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# Trigonometric form of the complex number

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Find the trigonometric form of the complex number where 0 <= theta < 2pi on the equation:
r= 1/2 - [(sqrt(3)/2)i]

https://brainmass.com/math/complex-analysis/trigonometric-form-complex-number-4014

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Any complex number z is in the form z=x+iy where

x=rcos(theta)
y=rsin(theta)

r=|1/2 - [(sqrt(3)/2)i]|
r=[(1/2)^2] + [(sqrt(3)/2)^2]
r=sqrt[(1/4) + (3/4)]
r=sqrt(1)
r=1
Now cos(theta)=1/2
sin(theta)=-sqrt(3/2)
so theta is in IVth quadrant and equal to 5pi/3
So 1/2-[(sqrt(3)/2)i]=cos(5pi/3)+isin(5pi/3)=
=e^(i*5pi/3) Finding trigonometric forms.

Even though you will get theta as pi/3 you must remember the fact that theta must be in the 4th quadrant. Remember the ASTC rule, in the first quadrant All trigonometric functions are +ve ,in second quadrant Sin and its inverse are positive(all others are negative), in the third quadrant Tan and its inverse are postive (all others are negative), in the fourth quadrant Cos and its inverse (sec) are positive while all others are negative.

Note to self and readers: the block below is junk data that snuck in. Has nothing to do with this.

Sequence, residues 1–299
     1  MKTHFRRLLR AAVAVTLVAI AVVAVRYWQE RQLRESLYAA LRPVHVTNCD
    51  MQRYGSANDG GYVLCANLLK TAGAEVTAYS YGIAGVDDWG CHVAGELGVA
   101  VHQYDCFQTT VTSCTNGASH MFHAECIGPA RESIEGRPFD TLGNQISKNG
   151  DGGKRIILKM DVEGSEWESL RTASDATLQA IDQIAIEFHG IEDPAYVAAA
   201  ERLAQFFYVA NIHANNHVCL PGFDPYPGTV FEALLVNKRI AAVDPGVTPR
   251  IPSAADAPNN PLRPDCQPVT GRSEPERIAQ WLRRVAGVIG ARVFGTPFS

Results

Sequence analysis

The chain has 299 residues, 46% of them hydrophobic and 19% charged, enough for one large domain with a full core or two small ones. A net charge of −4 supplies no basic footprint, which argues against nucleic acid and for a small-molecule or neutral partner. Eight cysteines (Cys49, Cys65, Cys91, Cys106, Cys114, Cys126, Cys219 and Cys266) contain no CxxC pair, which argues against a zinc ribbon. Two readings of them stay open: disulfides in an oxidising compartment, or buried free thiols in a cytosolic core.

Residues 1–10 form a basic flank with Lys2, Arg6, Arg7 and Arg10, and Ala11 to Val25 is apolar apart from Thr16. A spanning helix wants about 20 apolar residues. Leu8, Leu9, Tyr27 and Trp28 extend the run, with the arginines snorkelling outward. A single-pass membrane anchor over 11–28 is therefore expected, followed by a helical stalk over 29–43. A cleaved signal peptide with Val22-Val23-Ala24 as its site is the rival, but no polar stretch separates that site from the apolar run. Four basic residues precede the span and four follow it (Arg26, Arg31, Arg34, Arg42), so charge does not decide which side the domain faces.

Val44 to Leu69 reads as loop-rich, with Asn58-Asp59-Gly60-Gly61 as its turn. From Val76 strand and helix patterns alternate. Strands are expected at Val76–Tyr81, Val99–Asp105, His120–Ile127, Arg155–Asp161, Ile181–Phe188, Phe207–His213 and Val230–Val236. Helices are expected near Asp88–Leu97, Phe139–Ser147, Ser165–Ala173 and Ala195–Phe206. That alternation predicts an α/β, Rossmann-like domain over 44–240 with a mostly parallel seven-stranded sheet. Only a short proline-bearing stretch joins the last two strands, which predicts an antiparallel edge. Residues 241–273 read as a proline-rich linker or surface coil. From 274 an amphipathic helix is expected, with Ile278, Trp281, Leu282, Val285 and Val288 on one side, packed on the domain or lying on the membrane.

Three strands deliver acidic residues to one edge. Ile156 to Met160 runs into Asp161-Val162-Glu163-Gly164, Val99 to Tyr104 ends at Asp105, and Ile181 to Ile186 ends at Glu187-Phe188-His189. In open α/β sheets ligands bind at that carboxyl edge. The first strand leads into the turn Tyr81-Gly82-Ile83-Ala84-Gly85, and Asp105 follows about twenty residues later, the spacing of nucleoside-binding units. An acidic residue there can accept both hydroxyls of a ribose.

You see, in our question, theta must be in the fourth quadrant, so that Sin(theta) is negative and Cos(theta) is positive.
Now, how will you select theta so that Sin is negative and Cos is positive ?? Simply 60 degrees (= pi/3) ??
No you have to select theta in the 4th quadrant.
and it is 5pi/3
How will you get this ?
You want theta to be in the 4th quadrant, and remember the following thing:

Sin(- theta) = - sin(theta)
Cos (- theta) = Cos (theta)

Yes your theta must be negative..

it's -pi/3 or it is (2pi - pi/3)= 5pi/3

You can replace 0 by a 2pi because 2pi = 360 degrees and no change in trigonometric quantities.

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